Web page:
• It was a strange day at a disbarment hearing for a district attorney candidate in western Maine. Republican Seth Carey was set to testify on Thursday, the second day of a hearing over whether he’ll keep his law license amid allegations of sexual assault. He didn’t make it far, promptly breaking down in tears on the stand. In court, Carey played with a cellphone that the alleged victim said he stole from her. (He said it was “abandoned” at his home.) Disbarment would keep Carey from taking office even if he wins the November election over Democrat Andrew Robinson, the district attorney in Androscoggin, Oxford and Franklin counties.
  • A Democratic doctor running for U.S. Senate in 2020 was reprimanded by a state board for unprofessional conduct. Dr. Cathleen London, a family practitioner from Milbridge, drew complaints for letting her dogs roam the office and criticizing patients’ support of President Donald Trump. A review found she also inappropriately prescribed methadone and opioids and violated the terms of Maine’s medical marijuana program. She signed an agreement with the state putting her license on probation and barring her from prescribing methadone. London, a Democrat, declared a run against U.S. Sen. Susan Collins, a Republican, last month.
  • A Baileyville mill has a history of wastewater leaks. The state says that the Woodland Pulp Mill in Baileyville has had three large wastewater leaks in the past two years. Two of those came in September 2016, when 3 million gallons of partially treated wastewater leaked and sent 1 million of that into the St. Croix River, which separates Maine from New Brunswick. Half a million gallons more leaked last week at the mill.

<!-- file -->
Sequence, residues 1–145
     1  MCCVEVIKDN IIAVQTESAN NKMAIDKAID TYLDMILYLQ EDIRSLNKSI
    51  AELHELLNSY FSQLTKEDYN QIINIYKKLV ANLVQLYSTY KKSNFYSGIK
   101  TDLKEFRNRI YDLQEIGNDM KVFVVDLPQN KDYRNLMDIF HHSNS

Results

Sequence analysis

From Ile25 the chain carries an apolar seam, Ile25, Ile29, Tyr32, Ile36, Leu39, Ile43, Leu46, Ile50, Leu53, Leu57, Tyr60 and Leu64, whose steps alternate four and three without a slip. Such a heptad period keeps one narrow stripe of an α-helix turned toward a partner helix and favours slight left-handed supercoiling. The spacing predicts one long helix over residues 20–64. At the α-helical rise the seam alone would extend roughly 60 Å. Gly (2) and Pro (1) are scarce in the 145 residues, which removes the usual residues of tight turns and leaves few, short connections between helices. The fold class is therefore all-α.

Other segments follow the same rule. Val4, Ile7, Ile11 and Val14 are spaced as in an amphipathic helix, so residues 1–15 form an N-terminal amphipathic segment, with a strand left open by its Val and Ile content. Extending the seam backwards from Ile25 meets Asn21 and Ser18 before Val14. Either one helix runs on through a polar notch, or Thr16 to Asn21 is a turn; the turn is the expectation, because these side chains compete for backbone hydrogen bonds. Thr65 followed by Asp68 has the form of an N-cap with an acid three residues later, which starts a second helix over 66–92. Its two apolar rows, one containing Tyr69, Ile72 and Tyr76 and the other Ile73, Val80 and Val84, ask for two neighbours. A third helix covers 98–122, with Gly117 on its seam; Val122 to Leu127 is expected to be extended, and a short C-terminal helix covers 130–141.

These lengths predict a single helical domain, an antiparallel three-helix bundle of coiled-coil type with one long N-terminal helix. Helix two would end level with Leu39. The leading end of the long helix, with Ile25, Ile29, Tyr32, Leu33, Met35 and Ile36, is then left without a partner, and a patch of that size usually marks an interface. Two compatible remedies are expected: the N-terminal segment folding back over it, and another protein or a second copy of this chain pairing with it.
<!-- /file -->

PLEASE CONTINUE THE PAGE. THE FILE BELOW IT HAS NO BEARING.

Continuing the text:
A chance to say goodbye

We continue to be immensely grateful and overwhelmed by the outpouring of kindness, generosity and support that has come our way since our friend and colleague, Chris Cousins, died on Wednesday. Thank you to everyone who has reached out.

A memorial service to honor his life is scheduled for 11 a.m., Saturday, Aug. 25, in the auditorium at Oxford Hills Comprehensive High School in South Paris.

We’ll tell stories, sing songs, comfort friends and maybe say a bad word or two. Because that’s what he would do. Here’s your soundtrack. — Robert Long

Today’s Daily Brief was written by Michael Shepherd and Robert Long. If you’re reading this on the BDN’s website or were forwarded it, click here to get Maine’s leading newsletter on state politics via email on weekday mornings.

To reach us, do not reply directly to this newsletter, but email us directly at mshepherd@bangordailynews.com or rlong@bangordailynews.com.

Michael Shepherd

Michael Shepherd joined the Bangor Daily News in 2015 after three years as a reporter at the Kennebec Journal. A Hallowell native who now lives in Augusta, he graduated from the University of Maine in...